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What's involved in having a GVM suspension upgrade?

GVM stands for Gross Vehicle Mass, which is the maximum weight a vehicle is allowed to weigh when fully loaded. A GVM suspension upgrade is typically done to increase the weight-carrying capacity of a vehicle beyond its original specification.

Here are the typical steps involved in having a GVM suspension upgrade:

Consultation with a suspension specialist: The first step is to find a specialist who can provide advice on the GVM upgrade and which suspension system is best suited for the vehicle. The specialist will also determine the GVM upgrade capacity that is possible for the vehicle.

Inspection of the vehicle: The suspension specialist will inspect the vehicle and assess the current suspension system to determine if any additional components are required for the upgrade. They will also check if the current vehicle specifications meet the requirements for a GVM suspension upgrade.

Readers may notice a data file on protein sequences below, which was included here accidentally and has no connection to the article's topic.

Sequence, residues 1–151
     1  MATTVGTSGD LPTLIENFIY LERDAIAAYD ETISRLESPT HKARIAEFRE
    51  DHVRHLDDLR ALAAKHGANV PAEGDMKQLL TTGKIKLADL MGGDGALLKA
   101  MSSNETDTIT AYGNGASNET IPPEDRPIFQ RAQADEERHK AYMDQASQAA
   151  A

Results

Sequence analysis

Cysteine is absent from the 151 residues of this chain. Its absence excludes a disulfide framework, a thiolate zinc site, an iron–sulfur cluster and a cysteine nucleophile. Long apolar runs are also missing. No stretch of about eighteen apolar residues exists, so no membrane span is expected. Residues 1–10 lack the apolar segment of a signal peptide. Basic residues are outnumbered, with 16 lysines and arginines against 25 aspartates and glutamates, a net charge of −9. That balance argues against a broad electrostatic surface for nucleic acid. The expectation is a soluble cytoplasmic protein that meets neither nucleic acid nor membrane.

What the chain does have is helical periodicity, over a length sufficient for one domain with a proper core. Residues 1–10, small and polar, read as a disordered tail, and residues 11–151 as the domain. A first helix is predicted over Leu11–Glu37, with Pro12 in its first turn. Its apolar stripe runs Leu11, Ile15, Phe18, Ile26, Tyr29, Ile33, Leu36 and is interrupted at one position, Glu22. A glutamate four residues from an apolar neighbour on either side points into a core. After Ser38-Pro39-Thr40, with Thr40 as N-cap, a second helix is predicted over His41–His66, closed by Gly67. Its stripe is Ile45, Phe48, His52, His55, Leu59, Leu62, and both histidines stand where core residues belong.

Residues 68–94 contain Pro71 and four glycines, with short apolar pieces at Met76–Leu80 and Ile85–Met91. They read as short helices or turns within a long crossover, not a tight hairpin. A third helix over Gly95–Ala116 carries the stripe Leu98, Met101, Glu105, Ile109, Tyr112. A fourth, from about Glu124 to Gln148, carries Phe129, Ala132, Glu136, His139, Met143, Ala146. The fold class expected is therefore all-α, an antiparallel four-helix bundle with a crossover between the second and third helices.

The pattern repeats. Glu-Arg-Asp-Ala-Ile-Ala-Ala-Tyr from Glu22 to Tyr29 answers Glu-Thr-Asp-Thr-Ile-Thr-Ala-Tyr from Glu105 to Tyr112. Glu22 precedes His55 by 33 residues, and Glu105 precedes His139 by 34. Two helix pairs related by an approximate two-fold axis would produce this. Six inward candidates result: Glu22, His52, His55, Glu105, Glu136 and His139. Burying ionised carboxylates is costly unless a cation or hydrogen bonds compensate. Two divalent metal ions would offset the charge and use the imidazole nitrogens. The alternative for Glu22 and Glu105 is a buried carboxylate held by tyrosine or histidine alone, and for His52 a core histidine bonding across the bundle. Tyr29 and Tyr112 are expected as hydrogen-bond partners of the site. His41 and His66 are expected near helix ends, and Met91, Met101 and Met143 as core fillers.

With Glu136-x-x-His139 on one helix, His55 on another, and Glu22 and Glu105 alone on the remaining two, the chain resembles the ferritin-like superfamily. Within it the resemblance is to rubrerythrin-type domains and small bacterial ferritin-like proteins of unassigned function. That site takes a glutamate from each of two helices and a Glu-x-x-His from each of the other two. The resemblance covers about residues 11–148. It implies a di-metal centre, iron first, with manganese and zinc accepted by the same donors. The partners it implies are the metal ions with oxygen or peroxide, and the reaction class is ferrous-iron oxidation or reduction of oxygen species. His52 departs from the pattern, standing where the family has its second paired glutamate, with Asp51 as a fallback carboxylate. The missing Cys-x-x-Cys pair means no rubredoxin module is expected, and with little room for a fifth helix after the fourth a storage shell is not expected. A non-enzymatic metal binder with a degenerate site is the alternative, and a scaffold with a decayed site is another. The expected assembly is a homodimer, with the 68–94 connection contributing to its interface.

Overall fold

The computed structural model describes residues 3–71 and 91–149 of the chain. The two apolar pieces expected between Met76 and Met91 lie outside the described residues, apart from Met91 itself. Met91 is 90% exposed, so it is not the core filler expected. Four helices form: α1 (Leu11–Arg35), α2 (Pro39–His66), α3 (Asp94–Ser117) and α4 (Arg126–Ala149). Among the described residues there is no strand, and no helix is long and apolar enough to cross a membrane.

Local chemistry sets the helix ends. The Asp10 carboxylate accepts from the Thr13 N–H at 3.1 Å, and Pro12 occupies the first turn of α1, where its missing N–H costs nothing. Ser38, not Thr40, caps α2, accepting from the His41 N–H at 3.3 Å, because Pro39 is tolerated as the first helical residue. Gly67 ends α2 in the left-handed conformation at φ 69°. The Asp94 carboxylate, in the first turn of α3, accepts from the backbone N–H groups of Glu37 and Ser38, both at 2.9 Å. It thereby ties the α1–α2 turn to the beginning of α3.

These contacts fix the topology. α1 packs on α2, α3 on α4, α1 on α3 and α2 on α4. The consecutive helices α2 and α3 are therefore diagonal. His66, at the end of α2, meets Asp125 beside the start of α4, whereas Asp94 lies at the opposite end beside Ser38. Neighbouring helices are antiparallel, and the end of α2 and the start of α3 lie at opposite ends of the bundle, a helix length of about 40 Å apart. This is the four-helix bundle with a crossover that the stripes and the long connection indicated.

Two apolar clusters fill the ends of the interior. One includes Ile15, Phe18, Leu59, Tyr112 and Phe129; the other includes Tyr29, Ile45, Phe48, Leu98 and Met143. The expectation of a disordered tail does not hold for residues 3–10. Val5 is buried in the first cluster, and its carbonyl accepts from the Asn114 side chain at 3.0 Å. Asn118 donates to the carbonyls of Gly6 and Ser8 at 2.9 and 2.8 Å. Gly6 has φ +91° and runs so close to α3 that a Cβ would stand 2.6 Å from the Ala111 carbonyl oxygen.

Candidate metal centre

Upgrade of suspension components: The suspension specialist will upgrade the suspension components, such as springs, shock absorbers, and sway bars, to meet the new weight requirements. The upgrade process can involve replacing existing components or adding new ones, depending on the vehicle's requirements.

Testing and certification: Once the GVM suspension upgrade is completed, the vehicle will undergo a comprehensive testing process to ensure that it meets the required standards. The testing process can include road tests, load testing, and other inspections to ensure that the vehicle can handle the increased weight capacity. The specialist will then certify that the vehicle meets the GVM upgrade requirements.

In summary, a GVM suspension upgrade involves consulting with a suspension specialist, inspecting the vehicle, upgrading suspension components, and testing and certifying the vehicle to ensure that it meets the required standards for carrying heavier loads.



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